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The Decameron

PROEM.

First Day

Second Day

Third Day

Fourth Day

Fifth Day

Sixth Day

Seventh Day

Eigth Day

    Introduction

    Novel I

    Novel II

    Novel III

    Novel IV

    Novel V

    Novel VI

    Novel VII

    Novel VIII

    Novel IX

    Novel X

    Conclusion

Ninth Day

Tenth Day

The Author's Epilogue

Conclusion

[Voice: author]
[001] No sooner was Dioneo's story ended, than Lauretta, witting that therewith the end of her sovereignty was come, bestowed her meed of praise on Pietro Canigiano for his good counsel, and also on Salabaetto for the equal sagacity which he displayed in carrying it out, and then, taking off the laurel wreath, set it on the head of Emilia, saying graciously: "I know not, Madam, how debonair a queen you may prove, but at least we shall have in you a fair one. Be it your care, then, that you exercise your authority in a manner answerable to your charms." Which said, she resumed her seat.

[Voice: author]
[002] Not so much to receive the crown, as to be thus commended to her face and before the company for that which ladies are wont to covet the most, Emilia was a little shamefast; a tint like that of the newly-blown rose overspread her face, and a while she stood silent with downcast eyes: then, as the blush faded away, she raised them; and having given her seneschal her commands touching all matters pertaining to the company, thus she spake: [003] "Sweet my ladies, 'tis matter of common experience that, when the oxen have swunken a part of the day under the coercive yoke, they are relieved thereof and loosed, and suffered to go seek their pasture at their own sweet will in the woods; [004] nor can we fail to observe that gardens luxuriant with diversity of leafage are not less, but far more fair to see, than woods wherein is nought but oaks. Wherefore I deem that, as for so many days our discourse has been confined within the bounds of certain laws, 'twill be not only meet but profitable for us, being in need of relaxation, to roam a while, and so recruit our strength to undergo the yoke once more. [005] And therefore I am minded that to-morrow the sweet tenor of your discourse be not confined to any particular theme, but that you be at liberty to discourse on such wise as to each may seem best; for well assured am I that thus to speak of divers matters will be no less pleasurable than to limit ourselves to one topic; and by reason of this enlargement my successor in the sovereignty will find you more vigorous, and be therefore all the more forward to reimpose upon you the wonted restraint of our laws."[006] Having so said, she dismissed all the company until supper-time.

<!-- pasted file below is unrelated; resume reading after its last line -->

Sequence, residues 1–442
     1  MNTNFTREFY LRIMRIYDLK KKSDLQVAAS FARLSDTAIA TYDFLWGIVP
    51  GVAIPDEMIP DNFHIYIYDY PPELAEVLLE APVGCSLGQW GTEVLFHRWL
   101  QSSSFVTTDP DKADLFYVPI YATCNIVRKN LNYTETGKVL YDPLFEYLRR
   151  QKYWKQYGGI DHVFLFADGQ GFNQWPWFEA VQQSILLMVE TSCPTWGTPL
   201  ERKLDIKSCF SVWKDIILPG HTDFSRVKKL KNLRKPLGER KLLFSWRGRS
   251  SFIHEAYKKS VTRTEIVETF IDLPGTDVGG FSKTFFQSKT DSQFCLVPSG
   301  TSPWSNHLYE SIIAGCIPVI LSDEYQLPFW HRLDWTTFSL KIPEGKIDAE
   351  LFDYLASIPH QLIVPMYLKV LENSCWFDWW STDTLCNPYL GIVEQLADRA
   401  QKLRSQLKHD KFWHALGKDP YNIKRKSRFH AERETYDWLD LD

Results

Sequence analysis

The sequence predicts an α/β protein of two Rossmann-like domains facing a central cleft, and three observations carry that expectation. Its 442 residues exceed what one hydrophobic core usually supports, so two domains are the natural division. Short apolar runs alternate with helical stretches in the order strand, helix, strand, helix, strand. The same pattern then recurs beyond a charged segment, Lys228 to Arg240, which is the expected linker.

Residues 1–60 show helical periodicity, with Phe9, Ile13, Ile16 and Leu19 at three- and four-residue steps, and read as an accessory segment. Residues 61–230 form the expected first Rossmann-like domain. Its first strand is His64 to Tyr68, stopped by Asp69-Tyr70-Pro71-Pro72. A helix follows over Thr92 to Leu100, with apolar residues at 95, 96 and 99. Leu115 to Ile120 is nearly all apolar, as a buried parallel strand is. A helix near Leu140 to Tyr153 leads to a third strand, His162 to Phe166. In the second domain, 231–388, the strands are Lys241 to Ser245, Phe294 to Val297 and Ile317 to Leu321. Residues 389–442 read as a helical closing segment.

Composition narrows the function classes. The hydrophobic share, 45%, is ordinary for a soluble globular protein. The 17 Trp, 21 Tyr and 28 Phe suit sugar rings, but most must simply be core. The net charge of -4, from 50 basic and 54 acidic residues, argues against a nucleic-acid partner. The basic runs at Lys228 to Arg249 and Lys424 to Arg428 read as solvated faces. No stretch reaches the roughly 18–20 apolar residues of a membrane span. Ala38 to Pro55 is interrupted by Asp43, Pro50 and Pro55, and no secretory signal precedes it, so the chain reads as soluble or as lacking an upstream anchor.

[Voice: author]
[007] All approved the wisdom of what the queen had said; and being risen betook them to their several diversions, the ladies to weave garlands and otherwise disport them, the young men to play and sing; and so they whiled away the hours until supper-time; which being come, they gathered about the fair fountain, and took their meal with gay and festal cheer. Supper ended, they addressed them to their wonted pastime of song and dance. [008] At the close of which the queen, notwithstanding the songs which divers of the company had already gladly accorded them, called for another from Pamfilo, who without the least demur thus sang:

[Voice: panfilo]
[009] So great, O Love, the bliss
Through thee I prove, so jocund my estate,
That in thy flame to burn I bless my fate!

[010] Such plenitude of joy my heart doth know
Of that high joy and rare,
Wherewith thou hast me blest,
As, bounds disdaining, still doth overflow,
And by my radiant air
My blitheness manifest;
For by thee thus possessed
With love, where meeter 'twere to venerate,
I still consume within thy flame elate.

[011] Well wot I, Love, no song may e'er reveal,
Nor any sign declare
What in my heart is pent:
Nay, might they so, that were I best conceal,
Whereof were others ware,
'Twould serve but to torment
Me, whose is such content,
That weak were words and all inadequate
A tittle of my bliss to adumbrate.

[012] Who would have dreamed that e'er in mine embrace
Her I should clip and fold
Whom there I still do feel,
Or as 'gainst her face e'er to lay my face
Attain such grace untold,
And unimagined weal?
Wherefore my bliss I seal
Of mine own heart within the circuit strait,
And still in thy sweet flame luxuriate.

[Voice: author]
[013] So ended Pamfilo his song: whereto all the company responded in full chorus; nor was there any but gave to its words an inordinate degree of attention, endeavóuring by conjecture to penetrate that which he intimated that 'twas meet he should keep secret. Divers were the interpretations hazarded, but all were wide of the mark. At length, however, the queen, seeing that ladies and men alike were fain of rest, bade all betake them to bed.

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